I let myself feel safe from the violence against Black folk that I saw far too often in the media—until I found myself on Yale’s campus, caught between a scared white man with a gun and two young Black men. The New Haven Police and Yale Police officers who responded that night spoke first to the white man, taking his claim of self-defense at face value. They waited nearly forty-five minutes to speak to the young men and me. No one on campus was notified of the incident that night, though it happened within one hundred feet of Morse and Stiles. It took days of pestering before the administration sent a tight-lipped email to the students, stating that the man with the gun had been banned from campus. I felt betrayed during my meetings with the administrators tasked with keeping campus safe; we spent hours debating the legitimacy of the threat posed by the man who drew the gun. The ambivalence of their response left a bitter taste in my mouth—they refused to admit that the man had posed a threat or had received preferential treatment from the responding officers. Administrators, apparently moved by my tears of frustration, offered up examples of experiences that helped them “get it”: traveling to Africa frequently and being the only white person in the room for weeks; going to a discussion at the Afro-American Cultural Center and being the only white person in the room, but recalling a distinctly pleasant surprise at how well they were treated.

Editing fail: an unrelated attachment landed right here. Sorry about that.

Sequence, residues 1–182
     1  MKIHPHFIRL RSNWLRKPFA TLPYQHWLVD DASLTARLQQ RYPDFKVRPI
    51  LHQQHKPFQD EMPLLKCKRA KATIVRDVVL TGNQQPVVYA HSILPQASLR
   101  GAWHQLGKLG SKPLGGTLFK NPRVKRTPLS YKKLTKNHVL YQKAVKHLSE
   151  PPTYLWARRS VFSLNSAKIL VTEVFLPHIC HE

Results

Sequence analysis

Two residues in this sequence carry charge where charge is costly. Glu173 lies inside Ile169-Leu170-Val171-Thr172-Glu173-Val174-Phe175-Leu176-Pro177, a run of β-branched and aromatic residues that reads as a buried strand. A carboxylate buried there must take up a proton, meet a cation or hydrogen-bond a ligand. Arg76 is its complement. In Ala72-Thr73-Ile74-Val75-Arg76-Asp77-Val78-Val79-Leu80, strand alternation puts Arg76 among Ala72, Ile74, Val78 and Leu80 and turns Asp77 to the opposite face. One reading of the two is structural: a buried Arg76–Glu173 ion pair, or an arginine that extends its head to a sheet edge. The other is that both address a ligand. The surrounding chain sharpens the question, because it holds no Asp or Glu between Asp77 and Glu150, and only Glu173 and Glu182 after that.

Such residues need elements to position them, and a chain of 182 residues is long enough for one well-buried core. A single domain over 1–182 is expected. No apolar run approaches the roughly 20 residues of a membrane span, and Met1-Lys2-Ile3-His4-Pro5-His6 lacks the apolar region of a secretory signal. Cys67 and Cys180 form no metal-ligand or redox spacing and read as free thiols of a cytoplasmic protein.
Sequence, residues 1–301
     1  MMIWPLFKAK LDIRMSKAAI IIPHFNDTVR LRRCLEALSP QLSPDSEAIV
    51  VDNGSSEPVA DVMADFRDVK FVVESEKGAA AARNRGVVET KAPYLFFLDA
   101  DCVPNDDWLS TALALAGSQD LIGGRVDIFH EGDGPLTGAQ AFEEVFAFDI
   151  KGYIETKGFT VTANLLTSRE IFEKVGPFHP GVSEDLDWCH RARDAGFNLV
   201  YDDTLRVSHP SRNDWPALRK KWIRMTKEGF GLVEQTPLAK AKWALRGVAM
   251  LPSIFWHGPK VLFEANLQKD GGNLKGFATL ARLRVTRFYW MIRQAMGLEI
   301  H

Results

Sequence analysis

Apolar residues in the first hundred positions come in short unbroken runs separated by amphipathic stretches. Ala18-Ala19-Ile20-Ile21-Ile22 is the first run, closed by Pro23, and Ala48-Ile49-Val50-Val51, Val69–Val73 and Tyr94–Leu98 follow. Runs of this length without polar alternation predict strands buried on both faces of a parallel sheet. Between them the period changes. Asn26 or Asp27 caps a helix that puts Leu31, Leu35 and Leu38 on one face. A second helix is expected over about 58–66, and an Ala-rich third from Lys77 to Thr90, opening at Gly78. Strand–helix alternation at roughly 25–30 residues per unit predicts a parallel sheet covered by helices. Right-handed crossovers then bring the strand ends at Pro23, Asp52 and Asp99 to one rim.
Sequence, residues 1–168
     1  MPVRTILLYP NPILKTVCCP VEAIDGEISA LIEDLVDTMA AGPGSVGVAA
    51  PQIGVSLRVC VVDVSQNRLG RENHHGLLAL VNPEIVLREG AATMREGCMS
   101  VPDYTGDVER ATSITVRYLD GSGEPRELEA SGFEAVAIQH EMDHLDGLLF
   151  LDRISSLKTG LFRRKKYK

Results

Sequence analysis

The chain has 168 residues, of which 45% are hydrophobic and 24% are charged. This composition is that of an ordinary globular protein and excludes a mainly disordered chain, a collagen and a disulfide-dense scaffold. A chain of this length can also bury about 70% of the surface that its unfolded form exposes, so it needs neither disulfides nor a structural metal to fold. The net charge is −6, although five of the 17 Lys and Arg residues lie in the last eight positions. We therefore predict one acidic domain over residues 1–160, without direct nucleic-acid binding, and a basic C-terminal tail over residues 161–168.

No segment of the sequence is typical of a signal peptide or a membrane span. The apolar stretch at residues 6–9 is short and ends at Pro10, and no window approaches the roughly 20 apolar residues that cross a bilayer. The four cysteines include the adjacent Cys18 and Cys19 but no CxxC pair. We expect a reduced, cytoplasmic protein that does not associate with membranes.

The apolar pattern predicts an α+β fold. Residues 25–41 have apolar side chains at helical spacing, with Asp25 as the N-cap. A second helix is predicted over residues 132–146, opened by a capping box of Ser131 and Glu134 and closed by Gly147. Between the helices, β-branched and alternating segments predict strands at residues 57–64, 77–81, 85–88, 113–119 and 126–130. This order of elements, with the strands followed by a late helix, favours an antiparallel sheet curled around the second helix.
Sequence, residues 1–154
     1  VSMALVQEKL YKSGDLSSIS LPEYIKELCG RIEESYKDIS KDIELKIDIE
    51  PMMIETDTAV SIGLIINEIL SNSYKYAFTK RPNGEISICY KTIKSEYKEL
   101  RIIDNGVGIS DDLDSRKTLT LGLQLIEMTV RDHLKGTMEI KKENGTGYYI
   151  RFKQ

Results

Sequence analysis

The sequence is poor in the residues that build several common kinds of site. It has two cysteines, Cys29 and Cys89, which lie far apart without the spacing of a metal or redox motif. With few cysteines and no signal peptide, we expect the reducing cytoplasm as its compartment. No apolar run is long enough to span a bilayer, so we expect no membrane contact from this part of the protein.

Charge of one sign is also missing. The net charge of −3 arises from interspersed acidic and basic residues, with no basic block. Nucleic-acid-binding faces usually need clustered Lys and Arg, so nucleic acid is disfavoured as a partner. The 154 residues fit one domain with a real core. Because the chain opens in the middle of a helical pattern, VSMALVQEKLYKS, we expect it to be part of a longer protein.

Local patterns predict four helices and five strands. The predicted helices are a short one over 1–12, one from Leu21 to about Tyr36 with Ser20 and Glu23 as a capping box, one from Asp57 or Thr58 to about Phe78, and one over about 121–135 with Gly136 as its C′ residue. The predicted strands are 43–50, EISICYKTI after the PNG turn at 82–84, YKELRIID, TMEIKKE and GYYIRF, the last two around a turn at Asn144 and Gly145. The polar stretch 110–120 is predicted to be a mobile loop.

Each time was as fresh and as raw to me as the abrupt end of the self-assured bliss of my childhood—when my 5-year-old self learned that people could be afraid of my blackness. I remember standing beside a kiddie pool because the children of a family friend refused to let me come in—they were worried my black would come off in the water.
I struggled to articulate my experience on campus: what it feels like when I greet members of my athletic team on the street, people I’ve seen every day for the past three years, and they think I’m a panhandler and ignore me; or what it feels like when people shrug as they put their hands in my hair, saying “it’s too cool not to touch”; or what it feels like when white students in my seminars blatantly interrupt, ignore, or try to talk over me when I speak. I knew the white administrators I met with this summer would never know the feeling of the knot that formed in my stomach as a white man violently contorted himself when we passed on the stairs to ensure that no part of him touched me. You can’t know what you can’t see, can you?
I knew the white administrators I met with this summer would never know the feeling of the knot that formed in my stomach when a white man violently contorted himself when we passed on the stairs to ensure that no part of him touched me. You can’t know what you can’t see, can you?
To be a Black woman is to insist on my value in a world that is intent on disabusing me of any notions of self-worth. In Between the World and Me, Ta-Nehisi Coates writes, “All my life I’d heard people tell their Black boys and Black girls to ‘be twice as good,’ which is to say ‘accept half as much.’ These words would be spoken with a veneer of religious nobility, as though they evidenced some unspoken quality, some undetected courage, when in fact all they evidenced was the gun to our head and the hand in our pocket. This is how we lose our softness. This is how they steal our right to smile.”
To my sisters, in case no one has told you yet today: I see you. I hear you. You matter. You belong. I stand with you as we refuse to accept half as much.